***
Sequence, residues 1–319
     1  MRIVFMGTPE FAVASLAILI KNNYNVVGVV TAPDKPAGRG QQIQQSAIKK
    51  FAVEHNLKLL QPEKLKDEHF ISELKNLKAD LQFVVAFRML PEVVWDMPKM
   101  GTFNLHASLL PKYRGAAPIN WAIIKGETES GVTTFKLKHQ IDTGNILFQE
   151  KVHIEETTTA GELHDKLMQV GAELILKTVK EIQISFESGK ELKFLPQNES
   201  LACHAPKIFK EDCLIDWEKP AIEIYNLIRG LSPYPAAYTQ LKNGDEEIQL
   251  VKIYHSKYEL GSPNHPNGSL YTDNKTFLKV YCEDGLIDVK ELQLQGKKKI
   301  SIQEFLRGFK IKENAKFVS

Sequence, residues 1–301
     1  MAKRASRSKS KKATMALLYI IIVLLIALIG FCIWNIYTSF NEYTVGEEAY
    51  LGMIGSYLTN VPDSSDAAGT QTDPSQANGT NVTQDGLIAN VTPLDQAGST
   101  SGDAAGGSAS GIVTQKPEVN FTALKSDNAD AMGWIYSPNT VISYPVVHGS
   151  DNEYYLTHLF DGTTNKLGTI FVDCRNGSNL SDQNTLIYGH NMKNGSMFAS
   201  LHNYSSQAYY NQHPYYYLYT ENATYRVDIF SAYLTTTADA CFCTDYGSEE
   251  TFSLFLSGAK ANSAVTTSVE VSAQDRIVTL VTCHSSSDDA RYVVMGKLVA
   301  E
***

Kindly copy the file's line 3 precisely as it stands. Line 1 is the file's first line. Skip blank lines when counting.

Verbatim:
    51  FAVEHNLKLL QPEKLKDEHF ISELKNLKAD LQFVVAFRML PEVVWDMPKM